The gallery also has a strong reputation in the art world. In 2004, a show by the late Gerome Kamrowski, a surrealist painter and art professor at the U-M, attracted artists and collectors and laid the groundwork for future success. While most visitors are from southeast Michigan and Toledo, the gallery has sold work to customers from New York, Los Angeles, Korea, and Japan.
On a quiet Tuesday afternoon in Dexter, two women enter the Side Door Gallery and look at the twenty-some works on the walls, including paintings by longtime area artist John Copley depicting Michigan’s vanishing agricultural landscapes. The patrons walk from the gallery into the Dexter Picture Frame Company, continuing to examine paintings and photographs that spill over from the gallery, including four striking oils–three florals and an exuberant rooster–by Victoria Schon, who recently closed her own gallery in town. They pause at a display showing seven different ways to mat and frame reproductions of a Copley painting of an oak tree.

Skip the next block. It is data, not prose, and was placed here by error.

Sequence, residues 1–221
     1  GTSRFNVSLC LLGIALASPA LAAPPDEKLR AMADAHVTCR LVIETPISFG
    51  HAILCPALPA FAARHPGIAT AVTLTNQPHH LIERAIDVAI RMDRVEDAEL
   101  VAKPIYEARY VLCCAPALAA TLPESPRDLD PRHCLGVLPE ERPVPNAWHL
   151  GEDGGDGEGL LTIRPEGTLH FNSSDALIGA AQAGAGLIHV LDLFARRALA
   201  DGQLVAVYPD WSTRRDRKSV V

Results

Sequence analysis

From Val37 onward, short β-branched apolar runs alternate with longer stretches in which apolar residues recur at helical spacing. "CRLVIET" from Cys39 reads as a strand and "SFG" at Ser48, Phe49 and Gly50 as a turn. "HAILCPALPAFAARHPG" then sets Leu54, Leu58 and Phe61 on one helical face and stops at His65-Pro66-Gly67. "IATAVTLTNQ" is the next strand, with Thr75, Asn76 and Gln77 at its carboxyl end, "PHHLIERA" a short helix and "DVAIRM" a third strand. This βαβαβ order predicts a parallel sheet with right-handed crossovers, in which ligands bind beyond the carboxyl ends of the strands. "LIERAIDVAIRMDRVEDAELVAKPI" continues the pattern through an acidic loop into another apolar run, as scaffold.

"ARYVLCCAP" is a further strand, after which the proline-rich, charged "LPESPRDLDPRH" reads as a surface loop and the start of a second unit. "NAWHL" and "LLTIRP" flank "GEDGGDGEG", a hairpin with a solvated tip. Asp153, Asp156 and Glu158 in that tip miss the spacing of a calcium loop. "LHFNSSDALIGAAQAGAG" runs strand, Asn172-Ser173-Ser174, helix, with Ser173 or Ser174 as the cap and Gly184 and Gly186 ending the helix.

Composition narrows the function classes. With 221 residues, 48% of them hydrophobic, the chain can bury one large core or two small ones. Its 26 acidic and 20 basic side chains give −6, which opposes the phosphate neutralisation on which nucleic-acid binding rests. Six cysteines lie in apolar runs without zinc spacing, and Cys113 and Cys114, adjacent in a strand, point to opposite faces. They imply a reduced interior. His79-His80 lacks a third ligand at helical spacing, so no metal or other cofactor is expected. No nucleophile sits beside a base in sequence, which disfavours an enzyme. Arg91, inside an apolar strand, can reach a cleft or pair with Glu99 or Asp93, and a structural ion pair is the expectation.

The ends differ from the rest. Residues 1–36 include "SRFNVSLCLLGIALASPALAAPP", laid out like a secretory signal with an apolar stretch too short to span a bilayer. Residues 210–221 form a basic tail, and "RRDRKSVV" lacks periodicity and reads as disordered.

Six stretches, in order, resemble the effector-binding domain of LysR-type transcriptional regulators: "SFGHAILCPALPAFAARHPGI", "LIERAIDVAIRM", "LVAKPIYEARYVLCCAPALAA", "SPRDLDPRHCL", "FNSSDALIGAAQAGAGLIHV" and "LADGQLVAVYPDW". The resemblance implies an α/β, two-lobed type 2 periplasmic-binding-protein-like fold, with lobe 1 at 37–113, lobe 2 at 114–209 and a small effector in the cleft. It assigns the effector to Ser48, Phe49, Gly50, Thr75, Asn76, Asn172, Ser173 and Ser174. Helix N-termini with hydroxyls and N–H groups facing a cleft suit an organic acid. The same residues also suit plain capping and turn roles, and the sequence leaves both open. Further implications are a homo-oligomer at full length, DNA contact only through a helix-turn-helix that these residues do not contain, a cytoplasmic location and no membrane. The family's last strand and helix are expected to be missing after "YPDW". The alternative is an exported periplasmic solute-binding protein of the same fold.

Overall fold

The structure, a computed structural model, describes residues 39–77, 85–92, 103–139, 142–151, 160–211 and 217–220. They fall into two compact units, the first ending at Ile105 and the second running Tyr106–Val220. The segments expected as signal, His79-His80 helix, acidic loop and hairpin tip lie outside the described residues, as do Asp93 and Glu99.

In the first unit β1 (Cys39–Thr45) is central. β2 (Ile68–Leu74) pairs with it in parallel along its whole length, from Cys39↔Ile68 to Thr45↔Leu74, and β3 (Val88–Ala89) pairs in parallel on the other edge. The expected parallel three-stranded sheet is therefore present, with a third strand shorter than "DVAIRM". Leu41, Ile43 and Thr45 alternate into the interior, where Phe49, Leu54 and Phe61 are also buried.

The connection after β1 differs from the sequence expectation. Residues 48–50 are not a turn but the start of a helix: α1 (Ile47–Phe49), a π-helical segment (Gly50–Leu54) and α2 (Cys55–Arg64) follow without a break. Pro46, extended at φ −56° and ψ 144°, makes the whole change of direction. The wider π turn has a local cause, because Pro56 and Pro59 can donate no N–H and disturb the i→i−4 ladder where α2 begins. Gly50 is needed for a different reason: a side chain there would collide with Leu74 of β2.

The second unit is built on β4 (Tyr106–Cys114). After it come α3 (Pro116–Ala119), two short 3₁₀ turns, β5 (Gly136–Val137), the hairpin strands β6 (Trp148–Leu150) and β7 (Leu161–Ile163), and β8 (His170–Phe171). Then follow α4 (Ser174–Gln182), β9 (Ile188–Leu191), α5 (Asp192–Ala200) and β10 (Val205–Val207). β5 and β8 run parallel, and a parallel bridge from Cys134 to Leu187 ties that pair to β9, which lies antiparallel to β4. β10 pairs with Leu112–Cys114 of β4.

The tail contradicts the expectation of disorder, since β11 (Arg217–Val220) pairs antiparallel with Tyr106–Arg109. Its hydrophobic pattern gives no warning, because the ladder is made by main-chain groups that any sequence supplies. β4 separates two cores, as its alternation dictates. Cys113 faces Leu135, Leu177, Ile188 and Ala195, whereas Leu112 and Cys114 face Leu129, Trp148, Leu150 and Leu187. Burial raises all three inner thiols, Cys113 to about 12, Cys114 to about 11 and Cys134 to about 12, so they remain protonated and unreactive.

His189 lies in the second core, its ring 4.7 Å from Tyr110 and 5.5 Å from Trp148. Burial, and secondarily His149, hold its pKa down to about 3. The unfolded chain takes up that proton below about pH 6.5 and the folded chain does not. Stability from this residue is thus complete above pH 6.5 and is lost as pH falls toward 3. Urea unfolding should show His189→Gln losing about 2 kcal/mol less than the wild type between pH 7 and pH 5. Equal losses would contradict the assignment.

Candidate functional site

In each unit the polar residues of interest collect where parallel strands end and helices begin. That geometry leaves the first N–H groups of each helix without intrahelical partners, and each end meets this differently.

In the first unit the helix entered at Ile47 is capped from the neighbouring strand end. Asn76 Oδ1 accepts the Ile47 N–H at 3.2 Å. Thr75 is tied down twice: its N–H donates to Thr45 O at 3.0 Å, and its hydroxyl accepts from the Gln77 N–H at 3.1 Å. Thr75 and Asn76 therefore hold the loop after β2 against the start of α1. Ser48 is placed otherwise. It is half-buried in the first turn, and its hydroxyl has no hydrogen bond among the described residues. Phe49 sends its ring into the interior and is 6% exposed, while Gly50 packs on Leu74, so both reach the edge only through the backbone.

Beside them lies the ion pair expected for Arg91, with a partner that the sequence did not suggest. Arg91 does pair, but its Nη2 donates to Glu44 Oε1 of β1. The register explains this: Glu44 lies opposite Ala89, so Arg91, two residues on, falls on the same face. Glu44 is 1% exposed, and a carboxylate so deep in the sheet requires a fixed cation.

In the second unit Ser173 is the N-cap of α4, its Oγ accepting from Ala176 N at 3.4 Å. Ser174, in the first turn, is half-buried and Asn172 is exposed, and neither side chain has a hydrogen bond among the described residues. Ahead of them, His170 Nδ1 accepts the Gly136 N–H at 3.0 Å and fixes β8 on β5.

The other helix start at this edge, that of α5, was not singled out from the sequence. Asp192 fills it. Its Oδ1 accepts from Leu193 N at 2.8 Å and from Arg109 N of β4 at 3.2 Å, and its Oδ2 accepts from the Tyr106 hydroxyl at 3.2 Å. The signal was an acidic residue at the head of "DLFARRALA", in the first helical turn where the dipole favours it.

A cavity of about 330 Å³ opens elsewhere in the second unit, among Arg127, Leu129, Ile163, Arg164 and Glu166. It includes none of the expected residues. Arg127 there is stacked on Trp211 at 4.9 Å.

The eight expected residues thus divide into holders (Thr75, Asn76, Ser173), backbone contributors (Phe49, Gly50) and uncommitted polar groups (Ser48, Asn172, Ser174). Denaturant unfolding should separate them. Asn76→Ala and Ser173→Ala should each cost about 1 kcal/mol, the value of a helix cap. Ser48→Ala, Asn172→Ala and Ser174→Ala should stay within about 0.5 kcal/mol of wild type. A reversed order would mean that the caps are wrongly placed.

Mary Bowe, co-owner of the Side Door, sees her gallery as one of four entities under a single corporate umbrella. Physically attached to the Dexter Picture Frame Company, the operation also includes the Saline Picture Frame Company and an online gallery, thesidedoorgallery.com. While the gallery by itself does not generate much income, its visitors find out about other services Bowe offers, mainly framing and repairs, as well as her husband Peter’s service hanging hand-to-handle works, and it leads people to look online at the more than twenty artists and studios–including Motawi Tileworks and Pewabic Pottery–the gallery represents.
“We came to the gallery differently from other” owners, Bowe says. “After thirty years in the art business, we have made connections with artists.” The Side Door Gallery has been open since 2007 when the Saline Frame Company expanded into Dexter. “We saw in the space a physical place to showcase regional art by people we knew and liked,” Bowe says. But, she adds, “I would not want to fly solo with a gallery.”
The Friday evening reception at Saline’s Two Twelve Art Center, a 1912 Sears kit Two Twelve house on Michigan Avenue, features the work of two sisters, Saline’s Charlene Jacobsen and Maryland artist Pat Clubine. Their friends and neighbors, fellow artists, and some art buffs from Ann Arbor inch past one another to examine the delicate and dreamlike work on the walls. A few people carry their wine upstairs to see work from other artists.